Burglary, robbery, larceny, home invasion, larceny from an automobile and other theft crime terms may be tossed about loosely, but each is a specific crime under Michigan law that carries different penalties upon conviction. Depending on the circumstances of a burglary, you will likely be charged with a felony. You’re facing an uphill legal battle in going up against experienced prosecuting attorneys. Your best chances of avoiding jail or prison time in addition to high fines, probation, and other penalties is to retain a Michigan criminal defense attorney to fight for your rights.
The lawyers at the office of Michigan Defense Law have been providing premium quality legal services to clients for years, helping defend their interests when charged with burglary and other theft crimes. The key to our success in assisting those accused of a crime is our extensive knowledge of Michigan criminal law and actual experience in courtrooms. While the ideal time to retain our services is early in the criminal process, we’re dedicated to fighting on your behalf no matter how far your case has progressed.Skilled Representation in Michigan Criminal Defense Matters
We represent Michigan clients during the investigations process, after arrest and arraignment, during pre-trial states, and throughout the trial process. State law is meticulous in describing burglary and other theft crimes, and it provides very serious penalties for a conviction.
States vary on what conduct constitutes burglary; in Michigan, burglary is covered under breaking and entering and home invasion statutes. In these cases, there must be some sort of force used to enter the home or structure. What you do inside a structure and the type of building are key to the crime.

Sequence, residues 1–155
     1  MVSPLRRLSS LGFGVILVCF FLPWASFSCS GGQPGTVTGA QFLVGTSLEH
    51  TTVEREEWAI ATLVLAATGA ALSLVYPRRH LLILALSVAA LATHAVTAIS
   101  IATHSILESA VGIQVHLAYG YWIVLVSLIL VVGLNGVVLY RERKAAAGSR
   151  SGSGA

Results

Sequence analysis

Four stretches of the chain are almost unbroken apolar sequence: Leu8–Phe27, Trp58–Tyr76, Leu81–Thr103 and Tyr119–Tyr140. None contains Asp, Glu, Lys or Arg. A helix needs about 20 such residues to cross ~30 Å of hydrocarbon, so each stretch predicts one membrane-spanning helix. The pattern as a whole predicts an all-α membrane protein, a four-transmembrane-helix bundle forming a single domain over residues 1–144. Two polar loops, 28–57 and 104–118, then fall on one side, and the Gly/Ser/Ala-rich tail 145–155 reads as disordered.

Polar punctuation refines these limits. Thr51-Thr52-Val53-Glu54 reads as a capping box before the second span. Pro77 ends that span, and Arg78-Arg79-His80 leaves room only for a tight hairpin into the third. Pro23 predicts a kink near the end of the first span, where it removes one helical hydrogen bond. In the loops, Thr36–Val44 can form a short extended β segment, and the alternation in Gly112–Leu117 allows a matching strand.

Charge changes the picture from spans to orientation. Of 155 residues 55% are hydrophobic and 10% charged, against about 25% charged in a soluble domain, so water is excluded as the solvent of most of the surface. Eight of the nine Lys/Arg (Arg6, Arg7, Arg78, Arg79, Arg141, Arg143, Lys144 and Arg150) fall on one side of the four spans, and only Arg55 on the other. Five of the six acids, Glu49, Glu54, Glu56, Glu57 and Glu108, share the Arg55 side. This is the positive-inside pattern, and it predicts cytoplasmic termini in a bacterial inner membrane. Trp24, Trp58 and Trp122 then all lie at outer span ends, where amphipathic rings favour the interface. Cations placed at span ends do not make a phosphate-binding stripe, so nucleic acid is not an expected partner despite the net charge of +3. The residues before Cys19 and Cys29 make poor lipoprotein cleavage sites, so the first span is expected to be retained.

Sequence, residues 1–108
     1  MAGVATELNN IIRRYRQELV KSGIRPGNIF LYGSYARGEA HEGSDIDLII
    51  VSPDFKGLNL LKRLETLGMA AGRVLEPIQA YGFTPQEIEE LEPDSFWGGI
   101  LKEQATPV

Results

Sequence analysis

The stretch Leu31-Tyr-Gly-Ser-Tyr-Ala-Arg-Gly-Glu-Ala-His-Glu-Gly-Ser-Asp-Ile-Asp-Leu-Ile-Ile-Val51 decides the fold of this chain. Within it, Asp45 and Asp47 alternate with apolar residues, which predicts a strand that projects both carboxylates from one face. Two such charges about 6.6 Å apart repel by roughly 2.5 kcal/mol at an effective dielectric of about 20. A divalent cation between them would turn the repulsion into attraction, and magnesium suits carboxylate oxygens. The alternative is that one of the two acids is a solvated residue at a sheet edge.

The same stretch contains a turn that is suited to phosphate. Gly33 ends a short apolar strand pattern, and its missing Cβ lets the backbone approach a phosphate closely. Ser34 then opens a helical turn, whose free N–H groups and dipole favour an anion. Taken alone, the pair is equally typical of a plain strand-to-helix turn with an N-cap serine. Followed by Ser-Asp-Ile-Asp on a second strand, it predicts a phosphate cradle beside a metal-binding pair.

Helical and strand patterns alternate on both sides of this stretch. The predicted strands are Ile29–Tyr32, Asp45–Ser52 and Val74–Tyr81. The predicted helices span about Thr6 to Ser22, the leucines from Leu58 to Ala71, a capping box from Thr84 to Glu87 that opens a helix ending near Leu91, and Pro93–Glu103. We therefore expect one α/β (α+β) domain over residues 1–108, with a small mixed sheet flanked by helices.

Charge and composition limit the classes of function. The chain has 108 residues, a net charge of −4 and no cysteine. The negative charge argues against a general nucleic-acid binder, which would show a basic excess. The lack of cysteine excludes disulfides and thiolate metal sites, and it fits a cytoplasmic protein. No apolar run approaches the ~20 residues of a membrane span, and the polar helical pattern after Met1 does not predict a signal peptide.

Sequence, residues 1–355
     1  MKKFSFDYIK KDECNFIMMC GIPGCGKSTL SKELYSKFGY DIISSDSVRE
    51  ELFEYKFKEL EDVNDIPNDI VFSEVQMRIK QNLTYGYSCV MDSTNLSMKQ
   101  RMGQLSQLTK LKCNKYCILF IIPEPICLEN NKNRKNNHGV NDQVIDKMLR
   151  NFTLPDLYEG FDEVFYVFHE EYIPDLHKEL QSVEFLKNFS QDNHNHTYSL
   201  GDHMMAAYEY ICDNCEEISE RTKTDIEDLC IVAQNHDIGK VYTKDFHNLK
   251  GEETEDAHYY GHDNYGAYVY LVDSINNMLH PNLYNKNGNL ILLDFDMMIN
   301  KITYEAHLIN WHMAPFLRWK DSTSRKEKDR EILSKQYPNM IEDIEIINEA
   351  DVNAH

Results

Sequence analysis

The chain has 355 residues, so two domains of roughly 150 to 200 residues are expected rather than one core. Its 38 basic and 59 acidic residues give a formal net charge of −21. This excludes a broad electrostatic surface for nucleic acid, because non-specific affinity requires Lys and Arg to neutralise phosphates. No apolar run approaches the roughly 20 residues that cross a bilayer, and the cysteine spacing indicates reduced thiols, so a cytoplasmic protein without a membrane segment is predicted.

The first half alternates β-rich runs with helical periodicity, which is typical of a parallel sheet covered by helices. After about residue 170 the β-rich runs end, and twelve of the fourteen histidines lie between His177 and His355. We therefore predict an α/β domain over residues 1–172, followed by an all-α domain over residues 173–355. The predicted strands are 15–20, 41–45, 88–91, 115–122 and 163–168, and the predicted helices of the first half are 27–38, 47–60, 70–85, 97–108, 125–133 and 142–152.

- First Degree Home Invasion: This offense involves breaking and entering with the intent to commit a felony, larceny, or assault while inside and one of two circumstances are present:
- You are armed; or,
- Another person is within the structure at the time.
A conviction for first degree home invasion could lead to 20 years in jail and $5,000 fine.
- Second Degree Home Invasion: Similar to the first degree version, second degree home invasion charges may apply if you broke and entered a home – but didn’t actually succeed in committing felony, larceny, or assault. The sentence for conviction may include up to 15 years in prison and a $3,000 fine.
- Breaking and Entering a Building Other Than a Home: This offense is also a felony and you could face up to 10 years in prison for a conviction.
You can be confident that your legal rights are in good hands when you have a committed, experienced criminal defense lawyer to handle your burglary case. It’s necessary to understand the specific details of the law and use these concepts to mount an effective strategy to counter the claims of the prosecuting attorney. If you’ve been charged with a burglary or theft crime, please contact the Bloomfield Hills, MI law offices of Michigan Defense Law or call our office directly at (248) 451-2200. We can set up a consultation to discuss your case or answer questions about your options.